Mozilla 1.0 went gold Wednesday, and it’s a keeper.
After years of suffering through Netscape 4.x, Netscape loyalists finally have a browser that’s worth upgrading to. Mozilla 1.0 offers speed that’s comparable to the latest versions of Internet Explorer (when it’s not downright faster), along with better standards compliance, fewer security holes (did you catch the security hole in IE’s gopher implementation Wednesday?) and compelling features that IE lacks.
I wish you belief in life, belief in fate. Belief you are lucky, and worth the wait. –‘Til Tuesday
It’s been more than 4 years coming, and it’s going to take a lot more than luck to regain the ground the Mozilla family tree has lost since 1997. But in all honesty, it offers a lot. Maybe not enough for the world at large, but it offers more than enough for me.
Like what? Tabbed browsing, for one thing. Tabs are one of those things that you don’t realize you love until you’re forced to work without them. You can keep one window open and have a dozen sites open inside it, instead of cluttering up your screen with a dozen windows. Switch by clicking a tab. Want to open a link without losing your place? Right click and tell it to open the link in a new tab. Opera offered a multi-window view for years, but the Galeon project for Linux perfected it with a tab interface. Opera has since adopted a similar interface, while Mozilla almost lifted it outright.
Opening tabs is considerably faster than opening a new window, by the way.
Need more? You’re one tough customer. Let’s say you go to a Web page and find an objectionable banner or sidebar ad. Right-click on the ad, then choose “Block images from this server.” Do this for all the objectionable ads on a site, then reload and repeat. After doing this a few times, chances are you’ll have eliminated all the bad ads from a given page–and from other pages too, since many sites use the same ad servers.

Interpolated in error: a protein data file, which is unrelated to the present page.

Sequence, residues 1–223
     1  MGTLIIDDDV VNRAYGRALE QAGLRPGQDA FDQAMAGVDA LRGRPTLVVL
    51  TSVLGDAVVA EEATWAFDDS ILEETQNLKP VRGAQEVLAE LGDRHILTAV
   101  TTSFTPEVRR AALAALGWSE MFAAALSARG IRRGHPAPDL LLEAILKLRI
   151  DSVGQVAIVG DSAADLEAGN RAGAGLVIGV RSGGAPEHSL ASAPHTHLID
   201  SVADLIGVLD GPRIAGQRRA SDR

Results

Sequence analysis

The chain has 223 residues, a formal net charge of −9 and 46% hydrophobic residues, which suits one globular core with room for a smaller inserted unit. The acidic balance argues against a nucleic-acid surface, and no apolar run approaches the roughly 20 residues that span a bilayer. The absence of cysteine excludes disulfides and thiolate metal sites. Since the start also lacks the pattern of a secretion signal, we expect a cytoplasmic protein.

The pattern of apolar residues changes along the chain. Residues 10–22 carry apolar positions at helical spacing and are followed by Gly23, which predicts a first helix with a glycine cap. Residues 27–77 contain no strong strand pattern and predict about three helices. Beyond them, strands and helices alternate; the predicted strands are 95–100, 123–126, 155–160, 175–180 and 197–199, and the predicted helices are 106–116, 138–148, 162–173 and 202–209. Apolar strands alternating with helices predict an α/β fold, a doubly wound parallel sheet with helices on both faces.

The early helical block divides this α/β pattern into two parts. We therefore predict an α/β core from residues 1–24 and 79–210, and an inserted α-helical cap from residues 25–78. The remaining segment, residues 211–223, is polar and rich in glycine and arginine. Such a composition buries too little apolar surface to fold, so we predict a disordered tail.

Even more? OK, here’s a longime Netscape feature that IE never stole. If you tend to browse with images turned off for speed, you can go to the View menu and pick Display images to quickly and temporarily turn images back on, one time only. You have to go through a lot of gymnastics to turn images off and on in IE.
Still more? OK. Mozilla’s scaling actually works, unlike IE’s, which is easily defeated. So now you can crank your display resolution up to 3200×2400 and run your fonts at 8x normal size so you don’t go blind. Plus it’s keyboard-accessible, so you can quickly and easily scale by hitting Ctrl-+ and Ctrl–, in case viewing becomes uncomfortable.
On a somewhat related note, you can modify the look of pages that use stylesheets. If you’re handy with crafting your own stylesheet, you can override the stylesheets used on any Web page by going to View, Use Stylesheet. So if you hate your favorite Web site’s new design, there’s a quick and easy cure for that, as long as they use stylesheets (many do). I don’t bother, since I generally trust designers, but I know some people don’t.
I do wish Mozilla would steal IE’s Ctrl-Enter shortcut (which prepends www. and appends .com to whatever you type) as it’s a real keystroke-saver. But given all the other features the Microsoft-lackey tech journalists don’t want you to know about, I’m willing to give that one up. Maybe it’ll eventually arrive anyway.
The 1.0 release is largely symbolic; I’ve been using various Mozilla builds since early in the 0.9 series and found them to be no less usable or stable than other browsers, although, admittedly, it wasn’t until 1.0RC2 that Mozilla became my primary (almost exclusive) browser in Windows. It’s been better than Netscape 4.x for some time now.